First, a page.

And away we go!

The New Pilgrims

Printed in HOW Magazine, October 2003

There's a monumental transformation occurring in our industry. The old agency models are being exorcised by new, innovative practices. The Internet hasn't gone away, it's just getting wiser. Communication lines are shorter as the Web transforms into a sharing environment rather than a one-way broadcast. The necessity of print media will be reduced by virtual reality and digital books, only to be maintained with a push from the design industry toward more sustainable practices and paper choices.

The days of the specialty Web shop are quickly ending. Before, a client's brand was dispersed from identity firm to Web studio to print agency until the original and all-important message was lost. Now, creatives are embracing video, print, sound and interactive media at the same time with the ultra-powerful "processing toolbox" that sits under their desks. The computer has given very small creative groups the agility to control every aspect of a client's precious identity, all with a noticeable lack of "packet loss" that occurred among specialty agencies.

With the new designer's mastery of the psychological aspects of interaction design and the ubiquity of broadband wireless connectivity, the Internet of the future will have to simplify for the masses. (Edited Copy from original article) – With a larger global audience, communication through VoiP Video Phones, or Reality-Enhanced glasses, allowing someone to maneuver through a busy city street with floating arrows indicating the direction to a desired location, or to know the names (and possibly dating status) of people they pass will be transmitted to the human retina from the glasses and appear to be floating in the space ahead while moving through the crowd. – (End Edited Copy from original article). The term "designer" will continue to expand into multiple disciplines and dimensions where we'll be expected to produce what we envision. This will occur not only in interactive experience and print, but in product design and architecture. Design's role in the world will become even more important, helping local audiences understand global issues and vice versa.

Electronic inks and digital books will provide a paper-like reading experience that lets users access information anytime, anywhere. Graphic designers will write, produce, direct and share films and video games, envision and build architectural monuments, and generate virtual landscapes for friends and family from multiple global locations to gather together. Where you live will be as important as your online "lair." Geography lessons will occur in Roman temples on Tuesday and in the virtual Congo on Thursday. In time, virtual and real worlds will blur and communities will populate, sustain and thrive: the new pilgrims in a very eclectic landscape.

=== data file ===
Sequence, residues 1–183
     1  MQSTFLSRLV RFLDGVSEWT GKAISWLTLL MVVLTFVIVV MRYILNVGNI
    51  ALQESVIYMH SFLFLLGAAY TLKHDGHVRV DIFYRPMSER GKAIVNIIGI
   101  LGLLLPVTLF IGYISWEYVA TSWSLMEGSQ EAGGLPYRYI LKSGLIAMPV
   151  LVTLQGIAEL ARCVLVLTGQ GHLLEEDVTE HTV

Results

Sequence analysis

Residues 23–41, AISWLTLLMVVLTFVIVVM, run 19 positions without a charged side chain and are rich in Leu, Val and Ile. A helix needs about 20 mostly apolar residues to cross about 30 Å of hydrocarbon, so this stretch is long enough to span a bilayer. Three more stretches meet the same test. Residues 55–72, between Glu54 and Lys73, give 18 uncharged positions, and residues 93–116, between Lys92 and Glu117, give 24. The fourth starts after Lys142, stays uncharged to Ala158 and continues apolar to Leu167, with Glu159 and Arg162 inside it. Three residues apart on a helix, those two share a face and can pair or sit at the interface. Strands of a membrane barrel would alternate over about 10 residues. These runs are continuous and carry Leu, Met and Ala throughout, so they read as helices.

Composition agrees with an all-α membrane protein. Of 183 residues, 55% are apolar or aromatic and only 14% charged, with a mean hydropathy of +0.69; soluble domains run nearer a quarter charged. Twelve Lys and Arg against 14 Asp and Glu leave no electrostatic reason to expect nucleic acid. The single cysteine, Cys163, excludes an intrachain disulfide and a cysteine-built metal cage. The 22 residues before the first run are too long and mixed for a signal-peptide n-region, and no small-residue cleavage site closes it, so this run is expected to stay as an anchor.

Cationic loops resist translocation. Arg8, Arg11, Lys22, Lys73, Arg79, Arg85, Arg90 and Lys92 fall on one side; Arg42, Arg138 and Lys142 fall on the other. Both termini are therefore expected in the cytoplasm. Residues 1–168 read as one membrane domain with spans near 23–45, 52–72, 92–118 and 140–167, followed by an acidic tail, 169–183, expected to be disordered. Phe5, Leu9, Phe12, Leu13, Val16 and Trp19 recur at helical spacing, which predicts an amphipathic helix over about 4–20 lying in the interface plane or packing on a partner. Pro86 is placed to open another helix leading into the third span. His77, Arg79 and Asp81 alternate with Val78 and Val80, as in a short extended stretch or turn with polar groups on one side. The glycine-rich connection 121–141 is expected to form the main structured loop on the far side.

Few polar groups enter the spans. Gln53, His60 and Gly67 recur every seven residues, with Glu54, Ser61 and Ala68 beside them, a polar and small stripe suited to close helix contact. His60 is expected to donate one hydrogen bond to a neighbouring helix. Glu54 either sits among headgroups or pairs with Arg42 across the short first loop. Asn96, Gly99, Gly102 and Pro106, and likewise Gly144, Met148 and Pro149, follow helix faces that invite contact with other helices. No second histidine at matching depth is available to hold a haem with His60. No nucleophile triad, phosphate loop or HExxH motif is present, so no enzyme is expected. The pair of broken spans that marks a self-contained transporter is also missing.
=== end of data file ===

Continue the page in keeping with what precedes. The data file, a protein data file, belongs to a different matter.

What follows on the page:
Furthermore, the print industry must shift toward reusable papers and soy-based inks. The book Cradle to Cradle, by William McDonough & Michael Braungart, discusses sustainable materials that work naturally within our environment rather than damaging it. The design community must expect printers and paper mills to uses and produce polymer-based paper and printing processes that don't release toxins into our air, and must lobby the government to make these materials accepted and affordable to everyone.

As time goes by, the goal of a graphic designer will be to master and invent new forms of media, working in small collectives that will communicate with others. The Internet has already made it conceivable to set up channels that allow designers to share ideas. Watch what happens the day a designer in Singapore sends a logo for a music festival in Tokyo to a designer in Iraq who passes her thoughts to a designer in Arkansas. Imagine: The glorious global cross-pollination of ideas.

Dave Fletcher is a Founder and Creative Director of theMechanism, a maxi-media firm in New York City and London. He wrote extensively about “The Future of Design” in an October 2003 article in HOW Magazine, entitled “The New Pilgrims.”

Published by: davefletcher in The Thinking Mechanism